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Monday, October 02, 2006

October 2, 1960: Bomb in Times Square, Laos to Block Reds, Khrushchev 'Spectacle', Soviets Squandering Space Lead, Letterwriting and a News Roundup

A bomb exploded in New York city's Times Square on this day in 1960. Six people were hurt. The blast could be heard a half mile away.

In Laos, Premier Souvanna Phouma said he would not let the communists take control of the country. "I assure you that I shall not allow communism to rule our country. And I am sure the Lao people do not need communism either."

In today's New York Times an analysis of the "extraordinary conclave" at the United Nations says that "Implicit in the spectacle were the questions it raised about the direction of the cold war and the contest for the neutrals. ... [Soviet] Premier [Nikita] Khrushchev's conduct continued to perplex most of the delegates as they sought for clues as to whether he was genuinely prepared to negotiate, or was still in the mood that had blistered Paris last May....

"The gist of his comments seemed to be that he wanted a meeting with President Eisenhower. ... Twice during [British Prime Minister] Mr. [Harold] Macmillan's speech on Thursday, [Soviet Premier] Mr. Khrushchev stunned the chamber with shouted interruptions. For one of the interruptions he leapt to his feet and gestured violently with his right arm. He also waved his arms like an orchestra conductor to lead the applause for Dr. Castro; pounded his desk to express disapproval of [UN Secretary] Mr. [Dag] Hammarskjold's speech; and alternately beamed and scowled as he led the Communist claque in response to the words from the rostrum."

The United States has "no chance of winning the man-in-space race" with the Soviet Union, according to an another article, this one marking the second anniversary of the National Aeronautics and Space Administration. The Soviet advantage comes from an earlier start in developing space rockets, according to the analysis. Yet the Soviets are seen to be squandering their lead.

"For reasons that United States officials cannot fathom, the Soviet Union seems to have abandoned a program of systematic scientific exploration of space in favor of sporadic shots keyed more to their psychological impact upon world opinion than discovering the secrets of the universe."

An opinion piece in today's New York times marking National Letter-Writting Week predicts that despite advances in electronics that permit letter writers to send missives over the wires [Cf. This Day in the 1960s, Aug. 31, 1960], people will always prefer handwritten correspondence: "... the absence of mechanical contrivances between the letter writer between the writer and reader of personal letters is one of the indispensable charms of correspondence. That the process recently in the news may, when finally made available to the public, have application in the business world seems pretty much agreed.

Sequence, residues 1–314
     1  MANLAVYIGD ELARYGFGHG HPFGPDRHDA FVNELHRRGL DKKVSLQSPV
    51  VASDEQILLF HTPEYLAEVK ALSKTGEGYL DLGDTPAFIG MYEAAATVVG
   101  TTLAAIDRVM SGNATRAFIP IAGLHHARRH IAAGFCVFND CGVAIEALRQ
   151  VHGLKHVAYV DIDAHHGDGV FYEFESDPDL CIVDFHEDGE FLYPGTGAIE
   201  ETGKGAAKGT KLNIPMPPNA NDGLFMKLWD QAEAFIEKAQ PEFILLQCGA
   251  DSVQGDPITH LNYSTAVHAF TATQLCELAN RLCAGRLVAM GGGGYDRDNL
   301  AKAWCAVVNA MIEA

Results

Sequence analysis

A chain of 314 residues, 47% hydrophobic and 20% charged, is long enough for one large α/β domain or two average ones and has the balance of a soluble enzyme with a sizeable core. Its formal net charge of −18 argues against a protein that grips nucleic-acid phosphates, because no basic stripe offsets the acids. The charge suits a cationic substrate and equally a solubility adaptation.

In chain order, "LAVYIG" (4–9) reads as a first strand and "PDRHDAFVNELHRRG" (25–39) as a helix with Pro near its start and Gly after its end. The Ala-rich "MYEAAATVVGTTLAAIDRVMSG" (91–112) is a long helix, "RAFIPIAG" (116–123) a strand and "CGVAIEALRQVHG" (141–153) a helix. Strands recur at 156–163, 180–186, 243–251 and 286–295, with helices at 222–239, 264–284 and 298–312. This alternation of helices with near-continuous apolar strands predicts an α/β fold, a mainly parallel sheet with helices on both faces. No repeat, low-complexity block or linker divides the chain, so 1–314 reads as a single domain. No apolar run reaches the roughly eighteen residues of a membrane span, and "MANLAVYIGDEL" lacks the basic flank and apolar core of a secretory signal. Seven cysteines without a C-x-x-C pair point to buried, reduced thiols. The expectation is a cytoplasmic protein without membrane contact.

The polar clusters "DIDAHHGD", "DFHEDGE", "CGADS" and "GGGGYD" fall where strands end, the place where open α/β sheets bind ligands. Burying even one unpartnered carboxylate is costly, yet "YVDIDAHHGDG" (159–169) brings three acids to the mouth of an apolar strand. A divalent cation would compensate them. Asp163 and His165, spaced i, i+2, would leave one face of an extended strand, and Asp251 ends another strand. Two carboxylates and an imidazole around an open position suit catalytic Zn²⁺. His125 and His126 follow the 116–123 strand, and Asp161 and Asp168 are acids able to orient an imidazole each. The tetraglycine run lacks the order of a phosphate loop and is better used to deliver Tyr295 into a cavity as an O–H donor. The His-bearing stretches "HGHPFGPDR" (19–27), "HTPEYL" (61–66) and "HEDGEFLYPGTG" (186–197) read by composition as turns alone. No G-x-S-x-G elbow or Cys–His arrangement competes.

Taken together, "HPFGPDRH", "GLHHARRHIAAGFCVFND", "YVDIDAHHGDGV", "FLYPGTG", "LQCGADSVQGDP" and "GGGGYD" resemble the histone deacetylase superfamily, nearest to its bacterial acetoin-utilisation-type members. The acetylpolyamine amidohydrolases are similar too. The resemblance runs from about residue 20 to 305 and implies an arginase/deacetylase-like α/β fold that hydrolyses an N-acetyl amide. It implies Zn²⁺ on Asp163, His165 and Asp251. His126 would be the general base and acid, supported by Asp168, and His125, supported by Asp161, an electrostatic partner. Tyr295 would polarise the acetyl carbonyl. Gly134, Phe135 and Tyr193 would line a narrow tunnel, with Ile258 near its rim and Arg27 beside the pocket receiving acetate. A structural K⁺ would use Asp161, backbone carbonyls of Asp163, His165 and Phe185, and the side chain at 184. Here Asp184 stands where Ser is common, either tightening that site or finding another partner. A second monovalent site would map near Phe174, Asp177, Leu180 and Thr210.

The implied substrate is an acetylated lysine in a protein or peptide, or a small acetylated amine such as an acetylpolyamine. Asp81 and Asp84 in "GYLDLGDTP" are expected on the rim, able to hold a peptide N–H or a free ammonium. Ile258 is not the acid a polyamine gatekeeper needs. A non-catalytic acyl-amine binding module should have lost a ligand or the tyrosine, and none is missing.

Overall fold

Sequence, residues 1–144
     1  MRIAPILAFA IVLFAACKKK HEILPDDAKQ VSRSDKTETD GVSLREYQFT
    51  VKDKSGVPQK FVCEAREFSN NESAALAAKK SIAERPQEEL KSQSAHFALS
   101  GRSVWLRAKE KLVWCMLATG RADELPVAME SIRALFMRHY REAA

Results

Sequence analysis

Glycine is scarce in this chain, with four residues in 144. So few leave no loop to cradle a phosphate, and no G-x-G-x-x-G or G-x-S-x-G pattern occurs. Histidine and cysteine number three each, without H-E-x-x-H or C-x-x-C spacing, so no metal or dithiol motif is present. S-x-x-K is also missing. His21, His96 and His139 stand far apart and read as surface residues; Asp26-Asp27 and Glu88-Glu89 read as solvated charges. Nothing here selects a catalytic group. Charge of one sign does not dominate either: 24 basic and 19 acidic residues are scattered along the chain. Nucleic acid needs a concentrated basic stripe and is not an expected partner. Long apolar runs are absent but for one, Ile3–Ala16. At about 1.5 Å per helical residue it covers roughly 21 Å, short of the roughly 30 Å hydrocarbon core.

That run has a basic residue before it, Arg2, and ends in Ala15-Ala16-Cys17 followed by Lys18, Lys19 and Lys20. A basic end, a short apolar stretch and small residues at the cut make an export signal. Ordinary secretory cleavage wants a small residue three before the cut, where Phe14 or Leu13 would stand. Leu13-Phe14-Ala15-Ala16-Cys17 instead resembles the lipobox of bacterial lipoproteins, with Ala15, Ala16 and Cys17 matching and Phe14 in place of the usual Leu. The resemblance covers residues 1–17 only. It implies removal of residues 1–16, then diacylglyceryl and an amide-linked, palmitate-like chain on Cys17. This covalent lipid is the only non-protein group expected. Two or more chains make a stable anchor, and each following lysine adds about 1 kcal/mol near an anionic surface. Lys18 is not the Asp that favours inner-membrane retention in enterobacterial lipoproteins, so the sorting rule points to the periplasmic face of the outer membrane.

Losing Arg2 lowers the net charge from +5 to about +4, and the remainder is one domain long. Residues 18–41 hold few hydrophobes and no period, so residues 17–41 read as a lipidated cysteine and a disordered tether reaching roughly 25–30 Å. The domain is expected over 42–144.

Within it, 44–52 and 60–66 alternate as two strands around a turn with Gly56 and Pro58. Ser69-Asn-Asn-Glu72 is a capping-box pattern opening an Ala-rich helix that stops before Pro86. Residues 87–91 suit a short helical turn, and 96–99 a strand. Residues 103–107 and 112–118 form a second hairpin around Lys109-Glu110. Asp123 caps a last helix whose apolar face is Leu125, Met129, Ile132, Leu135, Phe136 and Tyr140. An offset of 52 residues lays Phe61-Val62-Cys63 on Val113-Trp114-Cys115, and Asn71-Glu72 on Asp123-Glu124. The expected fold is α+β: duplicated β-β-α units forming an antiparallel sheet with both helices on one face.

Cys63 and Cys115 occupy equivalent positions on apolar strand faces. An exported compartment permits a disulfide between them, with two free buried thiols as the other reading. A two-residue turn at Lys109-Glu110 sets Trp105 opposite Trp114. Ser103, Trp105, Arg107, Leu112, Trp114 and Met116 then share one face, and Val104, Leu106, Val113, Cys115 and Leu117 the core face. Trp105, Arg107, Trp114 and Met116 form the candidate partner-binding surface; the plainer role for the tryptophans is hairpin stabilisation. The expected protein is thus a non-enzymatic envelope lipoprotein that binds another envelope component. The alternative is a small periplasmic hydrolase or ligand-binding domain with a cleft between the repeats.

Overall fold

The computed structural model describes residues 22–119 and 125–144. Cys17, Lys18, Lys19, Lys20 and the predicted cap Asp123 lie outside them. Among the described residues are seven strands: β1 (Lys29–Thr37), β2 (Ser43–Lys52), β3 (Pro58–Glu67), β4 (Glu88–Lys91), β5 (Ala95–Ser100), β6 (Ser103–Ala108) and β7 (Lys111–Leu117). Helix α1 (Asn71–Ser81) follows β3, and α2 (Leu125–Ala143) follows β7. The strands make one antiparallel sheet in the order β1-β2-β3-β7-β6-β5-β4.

"But it is quite another matter to think that the telephone bill will ever replace the 4-cent stamp, at least in the area of person correspondence. By its very definition, personal correspondence is, and always will be, predicated on the handwritten letter, with all of its warmth, intimacy and expressiveness."

In other news:

President Eisenhower has rejected the proposal of the neutral bloc of nations at the UN and will not meet with Soviet Premier Khrushchev. In a related development, the State Department called Khrushchev's statements at the U.N. "strident and bellicose." Khrushchev plans to address the General Assembly again today.

If no agreement is reached with the Soviets by June to ban nuclear testing, the U.S. should end the current moratorium and resume testing, Sen. Hubert H. Humphrey (D-Minn.) said.

In news from the presidential race, Vice President Richard Nixon said that, if elected, he would propose financial assistance be provided to half of all medical students. A survey shows the vice president with a slim lead in electoral votes for the presidential election. But neither Nixon or his Democratic rival, Sen. John F. Kennedy, has the 269 votes needed for election, according to the 50-state poll.

President Eisenhower, who is 69, is on the verge of setting a record as the oldest man to serve as president. Whoever wins the November election, Eisenhower will be succeeded by a much younger man. Sen. John F. Kennedy is 43 and Vice President Nixon is 47. If Nixon is elected he will be 48 when he is sworn in.

Sen. Kennedy today backed off from his earlier criticism of President Eisenhower. "I don't quarrel with the president of the United States. The question is the future. The question is not President Eisenhower but President Nixon. That is the question the American people have to contend with in the next six weeks. Do they want to move in the direction of Mr. Nixon? Do they want to move in the direction of the Republican party? Or do they want to move with progress."

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